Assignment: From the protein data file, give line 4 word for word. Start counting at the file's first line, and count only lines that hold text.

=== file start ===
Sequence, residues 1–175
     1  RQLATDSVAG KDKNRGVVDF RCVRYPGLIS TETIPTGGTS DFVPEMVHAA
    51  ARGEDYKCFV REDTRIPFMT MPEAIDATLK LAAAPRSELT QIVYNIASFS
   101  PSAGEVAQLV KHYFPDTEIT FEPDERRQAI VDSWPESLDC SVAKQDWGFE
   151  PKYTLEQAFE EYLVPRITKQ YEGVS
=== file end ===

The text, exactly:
   101  PSAGEVAQLV KHYFPDTEIT FEPDERRQAI VDSWPESLDC SVAKQDWGFE